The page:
Load the events in a file
; Include using relative pathnames:
; Include using absolute pathname:
; Include a community book:
(include-book "arithmetic/top-with-meta" :dir :system)
(include-book file :load-compiled-file action
:uncertified-okp t/nil/:ignore-certs ; [default t]
:defaxioms-okp t/nil ; [default t]
:skip-proofs-okp t/nil ; [default t]
:ttags ttags ; [default nil]
where file is a book name. See books for general information,
see book-name for information about book names, and see pathname
for information about file names. Action is one of t, nil,
:default, :warn, or :comp; these values are explained below,
and the default is :default. The three -okp keyword arguments,
which default to t, determine whether errors or warnings are generated
under certain conditions explained below; when the argument is t,
warnings are generated. The dir argument, if supplied, is a keyword that
represents an absolute pathname for a directory (see pathname), to be
used instead of the current book directory (see cbd) for resolving the
given file argument to an absolute pathname. In particular, by default
:dir :system resolves file using the books/ directory of your
ACL2 installation, unless your ACL2 executable was built somewhere other than
where it currently resides; please see the ``Books Directory'' below. To
define other keywords that can be used for dir, see add-include-book-dir. If the book has no certificate, if its
certificate is invalid (say, because its book-hash shows that books
have changed after their certification), or if the certificate was produced by
a different version of ACL2, a warning is printed and the book is
included anyway; see certificate. This can lead to serious errors,
perhaps mitigated by the presence of a .port file from an earlier
certification; see uncertified-books. If the portcullis of the certificate (see portcullis) cannot be raised in the host logical
world, an error is caused and no change occurs to the logic.
Otherwise, the non-local events in file are assumed. Then the
keep of the certificate is checked to ensure that the correct
files were read; see keep. A warning is printed if uncertified books were included. Even if no warning is printed, include-book places
a burden on you; see certificate.
If you use guards, please note include-book is executed as
though (set-guard-checking t) has been evaluated; see set-guard-checking. If you want to run with different guard-checking,
consider using ld instead, or in addition; see ld.
The value of :load-compiled-file controls whether a compiled file for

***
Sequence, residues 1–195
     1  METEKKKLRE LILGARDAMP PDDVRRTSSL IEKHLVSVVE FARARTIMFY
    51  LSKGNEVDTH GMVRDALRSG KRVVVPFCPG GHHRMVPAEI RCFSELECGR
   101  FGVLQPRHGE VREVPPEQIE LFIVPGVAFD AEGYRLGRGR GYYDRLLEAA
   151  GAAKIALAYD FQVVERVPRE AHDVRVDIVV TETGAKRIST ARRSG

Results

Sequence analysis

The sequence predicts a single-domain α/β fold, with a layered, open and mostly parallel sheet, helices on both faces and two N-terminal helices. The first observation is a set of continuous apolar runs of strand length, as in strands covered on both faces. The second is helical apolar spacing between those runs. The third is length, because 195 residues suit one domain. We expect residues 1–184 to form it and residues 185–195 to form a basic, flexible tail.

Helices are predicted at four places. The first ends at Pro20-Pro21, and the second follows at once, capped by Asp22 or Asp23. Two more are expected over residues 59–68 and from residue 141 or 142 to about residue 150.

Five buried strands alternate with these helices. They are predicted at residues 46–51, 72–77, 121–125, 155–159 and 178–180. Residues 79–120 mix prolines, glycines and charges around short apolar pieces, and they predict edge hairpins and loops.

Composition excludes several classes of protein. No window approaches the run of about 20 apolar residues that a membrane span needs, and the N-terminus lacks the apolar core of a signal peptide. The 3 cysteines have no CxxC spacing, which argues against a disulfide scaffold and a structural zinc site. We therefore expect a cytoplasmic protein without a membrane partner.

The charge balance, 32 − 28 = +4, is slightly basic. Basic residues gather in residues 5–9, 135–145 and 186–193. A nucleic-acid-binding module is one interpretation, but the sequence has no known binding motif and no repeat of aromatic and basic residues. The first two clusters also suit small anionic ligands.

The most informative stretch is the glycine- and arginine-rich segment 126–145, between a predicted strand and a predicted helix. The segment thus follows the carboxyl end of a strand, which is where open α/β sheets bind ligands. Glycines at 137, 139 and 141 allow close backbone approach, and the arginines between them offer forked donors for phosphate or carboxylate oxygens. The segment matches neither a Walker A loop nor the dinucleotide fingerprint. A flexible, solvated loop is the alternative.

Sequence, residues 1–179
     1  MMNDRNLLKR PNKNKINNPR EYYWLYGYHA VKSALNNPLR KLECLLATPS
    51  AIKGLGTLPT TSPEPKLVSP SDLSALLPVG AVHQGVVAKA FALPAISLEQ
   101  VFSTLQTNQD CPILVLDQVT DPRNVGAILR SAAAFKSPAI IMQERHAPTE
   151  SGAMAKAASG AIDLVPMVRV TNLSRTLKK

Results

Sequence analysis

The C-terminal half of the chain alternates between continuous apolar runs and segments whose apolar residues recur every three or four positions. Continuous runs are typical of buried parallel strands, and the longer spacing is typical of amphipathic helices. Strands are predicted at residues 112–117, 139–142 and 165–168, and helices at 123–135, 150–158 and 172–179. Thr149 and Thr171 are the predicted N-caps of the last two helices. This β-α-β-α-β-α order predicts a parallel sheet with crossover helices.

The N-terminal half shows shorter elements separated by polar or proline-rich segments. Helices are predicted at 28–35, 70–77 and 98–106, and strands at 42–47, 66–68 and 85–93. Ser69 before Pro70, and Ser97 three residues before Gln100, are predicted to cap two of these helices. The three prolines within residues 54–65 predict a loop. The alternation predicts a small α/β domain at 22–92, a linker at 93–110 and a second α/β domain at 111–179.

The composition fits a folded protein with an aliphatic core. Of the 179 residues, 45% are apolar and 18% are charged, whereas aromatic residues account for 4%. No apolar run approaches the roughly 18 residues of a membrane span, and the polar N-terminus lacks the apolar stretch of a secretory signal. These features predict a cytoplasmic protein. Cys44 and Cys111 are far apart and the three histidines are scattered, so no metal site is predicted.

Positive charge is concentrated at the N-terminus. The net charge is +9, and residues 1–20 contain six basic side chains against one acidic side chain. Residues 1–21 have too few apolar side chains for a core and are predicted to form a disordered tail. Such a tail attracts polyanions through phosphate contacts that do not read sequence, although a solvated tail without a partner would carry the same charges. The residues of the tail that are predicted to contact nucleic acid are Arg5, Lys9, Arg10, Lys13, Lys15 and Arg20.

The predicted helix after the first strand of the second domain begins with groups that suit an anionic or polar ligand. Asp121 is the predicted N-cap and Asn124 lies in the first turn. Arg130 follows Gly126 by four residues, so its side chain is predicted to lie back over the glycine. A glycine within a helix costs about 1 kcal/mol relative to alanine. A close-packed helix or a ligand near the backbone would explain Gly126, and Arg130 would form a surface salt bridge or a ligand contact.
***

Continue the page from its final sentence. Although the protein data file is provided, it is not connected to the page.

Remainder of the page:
the given file is loaded by include-book. Note that this keyword
applies only to the given file, not to any included sub-books. In order
to skip loading all compiled files, for the given file as well as all
included sub-books — for example, to avoid Lisp errors such as ``Wrong
FASL version'' — use (set-compiler-enabled nil state); see compilation. Otherwise, if keyword argument :load-compiled-file is
missing or its value is the keyword :default, then it is treated as
:warn. If its value is nil, no attempt is made to load the compiled
file for the book provided. In order to load the compiled file, it must be
more recent than the book's certificate (except in raw mode, where it
must be more recent than the book itself; see set-raw-mode). For
non-nil values of :load-compiled-file that do not result in a loaded
compiled file, ACL2 proceeds as follows. Note that a load of a compiled file
or expansion file aborts partway through whenever an include-book form
is encountered for which no suitable compiled or expansion file can be loaded.
For much more detail, see book-compiled-file.
t: Cause an error if the compiled file is not loaded. This same
requirement is imposed on every include-book form evaluated during the
course of evaluation of the present include-book form, except that for
those subsidiary include-books that do not themselves specify
:load-compiled-file t, it suffices to load the expansion file (see book-compiled-file).
:warn: An attempt is made to load the compiled file, and a warning is
printed if that load fails to run to completion.
:comp: A compiled file is loaded as with value t, except that if
a suitable ``expansion file'' exists but the compiled file does not, then the
compiled file is first created. See book-compiled-file.
The three -okp arguments, :uncertified-okp, defaxioms-okp,
and skip-proofs-okp, determine the system's behavior when the book or any
sub-book is found to be uncertified, when the book or any sub-book is found to
contain defaxiom events, and when the book or any sub-book is found to
contain skip-proofs events, respectively. All three default to
t, which means it is ``ok'' for the condition to arise. In this case, a